The Princess and the Patriot: Ekaterina Dashkova, Benjamin Franklin, and the Age of Enlightenment

February 17 – December 31, 2006

They seemed to have nothing in common. She was the Russian princess Ekaterina Romanovna Dashkova, a noblewoman and friend of Empress Catherine the Great. He was the American printer, scientist, patriot and statesman Benjamin Franklin. When they met in Paris in 1781, it was a meeting of two of the most fascinating minds of the Age of Enlightenment.

Although Franklin is the more familiar of the two, both left indelible marks on their native lands. Franklin invited Dashkova to become the first woman member of the American Philosophical Society. As its director, Dashkova made Franklin the first American member of the Imperial Academy of Sciences and Arts in St. Petersburg. They both exemplified the ideals of the Enlightenment that flourished in Europe and America and still shape our world today.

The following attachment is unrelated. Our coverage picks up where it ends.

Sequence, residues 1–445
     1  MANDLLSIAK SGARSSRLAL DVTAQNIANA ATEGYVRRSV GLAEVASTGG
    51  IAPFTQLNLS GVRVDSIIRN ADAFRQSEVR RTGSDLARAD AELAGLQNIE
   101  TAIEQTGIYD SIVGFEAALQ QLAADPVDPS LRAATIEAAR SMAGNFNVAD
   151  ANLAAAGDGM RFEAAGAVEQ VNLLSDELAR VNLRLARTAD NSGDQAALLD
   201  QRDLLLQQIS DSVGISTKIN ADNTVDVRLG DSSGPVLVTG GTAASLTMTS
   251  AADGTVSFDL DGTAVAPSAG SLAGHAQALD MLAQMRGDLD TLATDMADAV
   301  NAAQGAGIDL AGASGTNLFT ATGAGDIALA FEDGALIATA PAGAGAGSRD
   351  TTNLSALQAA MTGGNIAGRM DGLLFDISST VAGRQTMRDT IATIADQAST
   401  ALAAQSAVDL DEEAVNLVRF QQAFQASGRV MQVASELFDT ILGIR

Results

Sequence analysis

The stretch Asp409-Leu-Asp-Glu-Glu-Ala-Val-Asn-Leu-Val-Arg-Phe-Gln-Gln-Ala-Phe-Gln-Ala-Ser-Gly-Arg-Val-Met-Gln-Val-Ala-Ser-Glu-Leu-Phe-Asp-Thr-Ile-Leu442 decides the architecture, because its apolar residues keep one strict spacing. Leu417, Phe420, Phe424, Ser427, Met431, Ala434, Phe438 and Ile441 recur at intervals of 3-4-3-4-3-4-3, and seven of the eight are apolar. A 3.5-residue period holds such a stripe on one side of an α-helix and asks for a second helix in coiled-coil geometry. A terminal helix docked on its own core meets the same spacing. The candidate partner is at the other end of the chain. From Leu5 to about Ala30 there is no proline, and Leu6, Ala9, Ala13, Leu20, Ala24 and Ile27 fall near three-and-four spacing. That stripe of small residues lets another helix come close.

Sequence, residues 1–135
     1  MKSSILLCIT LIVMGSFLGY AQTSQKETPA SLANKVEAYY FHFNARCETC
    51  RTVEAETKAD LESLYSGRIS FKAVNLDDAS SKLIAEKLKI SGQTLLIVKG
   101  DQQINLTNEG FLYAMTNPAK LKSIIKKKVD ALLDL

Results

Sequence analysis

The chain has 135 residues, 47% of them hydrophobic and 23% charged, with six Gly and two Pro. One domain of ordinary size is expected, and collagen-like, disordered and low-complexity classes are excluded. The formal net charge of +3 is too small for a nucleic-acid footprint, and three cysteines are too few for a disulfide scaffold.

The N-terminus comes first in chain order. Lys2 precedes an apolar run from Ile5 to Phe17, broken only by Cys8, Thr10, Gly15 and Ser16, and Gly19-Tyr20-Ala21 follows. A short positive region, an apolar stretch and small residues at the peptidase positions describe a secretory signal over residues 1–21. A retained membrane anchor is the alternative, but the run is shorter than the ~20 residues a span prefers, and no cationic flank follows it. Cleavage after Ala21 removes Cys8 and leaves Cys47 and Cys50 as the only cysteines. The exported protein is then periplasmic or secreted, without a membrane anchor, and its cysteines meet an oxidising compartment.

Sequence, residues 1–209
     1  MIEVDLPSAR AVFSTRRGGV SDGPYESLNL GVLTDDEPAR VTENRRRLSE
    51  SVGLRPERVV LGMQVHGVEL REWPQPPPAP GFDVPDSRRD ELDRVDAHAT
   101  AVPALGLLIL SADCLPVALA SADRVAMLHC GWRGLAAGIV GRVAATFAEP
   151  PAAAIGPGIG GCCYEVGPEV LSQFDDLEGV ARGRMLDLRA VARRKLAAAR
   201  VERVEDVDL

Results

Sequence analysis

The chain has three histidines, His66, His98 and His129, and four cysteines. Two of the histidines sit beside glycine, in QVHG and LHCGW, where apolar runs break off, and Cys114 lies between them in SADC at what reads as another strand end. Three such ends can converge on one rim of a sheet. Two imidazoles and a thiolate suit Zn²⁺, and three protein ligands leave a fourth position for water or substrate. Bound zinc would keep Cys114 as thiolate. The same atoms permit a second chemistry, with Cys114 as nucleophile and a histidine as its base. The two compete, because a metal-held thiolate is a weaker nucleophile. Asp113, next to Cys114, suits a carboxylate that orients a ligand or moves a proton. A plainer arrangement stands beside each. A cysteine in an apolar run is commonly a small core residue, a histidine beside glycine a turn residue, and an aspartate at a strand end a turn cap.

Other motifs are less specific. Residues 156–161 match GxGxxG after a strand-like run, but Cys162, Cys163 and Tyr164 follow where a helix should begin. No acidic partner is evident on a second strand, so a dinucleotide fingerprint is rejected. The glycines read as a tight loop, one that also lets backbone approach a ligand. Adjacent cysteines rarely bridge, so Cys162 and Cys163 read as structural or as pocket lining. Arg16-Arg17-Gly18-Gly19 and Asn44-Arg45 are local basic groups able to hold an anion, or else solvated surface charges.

Portraits, memoirs, letters, maps, court attire, jewelry and other decorative arts—many items never seen before in this country—were on view. They documented the extraordinary lives of America’s favorite founding father and the outrageous Russian princess who spoke five languages, helped overthrow a czar and directed the most prestigious scientific organization in her country.

The Princess & the Patriot was part of the Benjamin Franklin Tercentenary, an international celebration of the 300th anniversary of Franklin’s birth.